Ex-Infinity Ward heads asking for $36 million in suit

Jason West and Vince Zampella alleging publisher trumped up HR charges, conducted "Orwellian" investigation in order to avoid paying royalties, giving it control over Modern Warfare franchise.


The basics of Jason West and Vince Zampella's lawsuit against their former employer Activision were laid out in a press release from their legal representation this morning, but the announcement lacked some colorful details from the actual court filing. The developers' attorneys have provided GameSpot with a copy of the suit, which paints a more fleshed-out picture of Activision's alleged misdeeds.

The legal spat between Activision and its former employees is almost as heated as the action in Modern Warfare 2.
The legal spat between Activision and its former employees is almost as heated as the action in Modern Warfare 2.

"This lawsuit is solely and regrettably the result of the astonishing arrogance and unbridled greed of defendant Activision," the suit begins, before getting to the accusations at the heart of the dispute. The developers are accusing Activision of launching a bogus investigation into the pair's activities specifically for the purpose of firing them and evading contractual obligations, as well as royalty payments set to begin March 31.

In detailing the investigation that led to their exit from the company, West and Zampella claim that Activision refused to tell them what they were being investigated for, "insisting instead in Orwellian fashion that West and Zampella 'already have a clear understanding of what they have or have not done.'" The publisher's investigators are accused of using strong-arm tactics, including a six-hour "interrogation" in a windowless conference room over the President's Day weekend.

Additionally, West and Zampella said Activision representatives interviewed other Infinity Ward employees so doggedly it drove them to tears and then told the pair they would be guilty of insubordination--grounds for termination--if they attempted to console the employees. The suit also claims that Activision insisted that West and Zampella turn over their personal computers, cell phones, and other such devices for review. When the pair cited their right to privacy, they were told that asserting that right would be considered insubordination.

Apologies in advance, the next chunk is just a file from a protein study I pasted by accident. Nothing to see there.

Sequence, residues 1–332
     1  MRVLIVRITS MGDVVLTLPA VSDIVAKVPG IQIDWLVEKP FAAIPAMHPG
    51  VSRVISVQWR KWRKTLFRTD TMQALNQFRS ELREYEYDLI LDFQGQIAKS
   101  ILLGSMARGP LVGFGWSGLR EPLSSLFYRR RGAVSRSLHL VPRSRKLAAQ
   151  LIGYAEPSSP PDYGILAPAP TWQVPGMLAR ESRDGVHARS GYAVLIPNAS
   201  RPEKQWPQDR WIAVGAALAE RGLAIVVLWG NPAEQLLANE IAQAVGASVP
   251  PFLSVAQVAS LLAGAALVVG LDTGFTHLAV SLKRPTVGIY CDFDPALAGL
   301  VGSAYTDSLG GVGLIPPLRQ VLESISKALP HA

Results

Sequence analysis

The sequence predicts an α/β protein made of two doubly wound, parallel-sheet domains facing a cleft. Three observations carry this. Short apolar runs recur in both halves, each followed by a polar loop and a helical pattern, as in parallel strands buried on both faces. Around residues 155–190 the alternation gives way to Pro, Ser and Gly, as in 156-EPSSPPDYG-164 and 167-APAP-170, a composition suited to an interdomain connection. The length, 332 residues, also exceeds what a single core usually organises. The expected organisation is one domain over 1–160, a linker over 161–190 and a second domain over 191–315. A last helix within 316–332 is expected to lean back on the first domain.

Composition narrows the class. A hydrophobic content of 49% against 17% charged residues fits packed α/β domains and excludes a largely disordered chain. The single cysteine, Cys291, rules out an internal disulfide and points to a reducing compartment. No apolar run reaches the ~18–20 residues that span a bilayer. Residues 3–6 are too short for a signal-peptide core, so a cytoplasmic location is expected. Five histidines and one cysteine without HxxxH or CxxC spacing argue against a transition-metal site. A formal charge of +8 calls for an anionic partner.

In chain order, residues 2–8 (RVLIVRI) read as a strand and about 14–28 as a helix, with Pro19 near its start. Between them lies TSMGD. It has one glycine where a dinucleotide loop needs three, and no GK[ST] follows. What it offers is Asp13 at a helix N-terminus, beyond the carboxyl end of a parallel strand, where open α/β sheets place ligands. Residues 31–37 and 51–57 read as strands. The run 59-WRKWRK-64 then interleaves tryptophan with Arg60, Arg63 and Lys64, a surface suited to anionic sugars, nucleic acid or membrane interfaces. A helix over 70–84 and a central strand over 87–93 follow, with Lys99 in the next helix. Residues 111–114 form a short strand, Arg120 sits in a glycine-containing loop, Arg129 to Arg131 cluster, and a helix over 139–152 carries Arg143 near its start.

Beyond the investigation and the way it was conducted, West and Zampella are also accusing Activision of trying to back out of a 2008 agreement with the developers. Under the terms of that deal, West and Zampella would extend their contracts until October of 2011 and deliver the finished version of Modern Warfare 2 by November 15, 2009.

In return, the publisher promised to give the pair creative control over any Call of Duty game set after the Vietnam era (including near-future and far-future versions) or using the Modern Warfare brand. West and Zampella also claim the agreement gave them the right to run Infinity Ward independently of Activision (while remaining a wholly owned subsidiary of the publisher) to develop a new intellectual property after finishing Modern Warfare 2, as well as increased compensation in the form of stock options and royalties for all Call of Duty games and non-Call of Duty games that are built using Infinity Ward's Modern Warfare engine.

"Activision has adopted the corporate strategy of forcing Messrs. West and Zampella to sue for their pay--in the hopes of either getting away with not having to pay them anything or maximizing its leverage to reduce that pay," the suit alleges. "Such actions are not surprising, given that Activision is run by a CEO who has been publicly quoted as believing the best way to run a video game studio is to engender a culture of 'skepticism, pessimism, and fear' and who prefers to pay his lawyers instead of his employees."

West and Zampella are demanding $36 million in damages (as of the date of the filing), future royalties, legal fees, and a judicial determination of their rights to creative control of the Modern Warfare brand, as well as their rights over the Call of Duty brand, as stated in the 2008 agreement.

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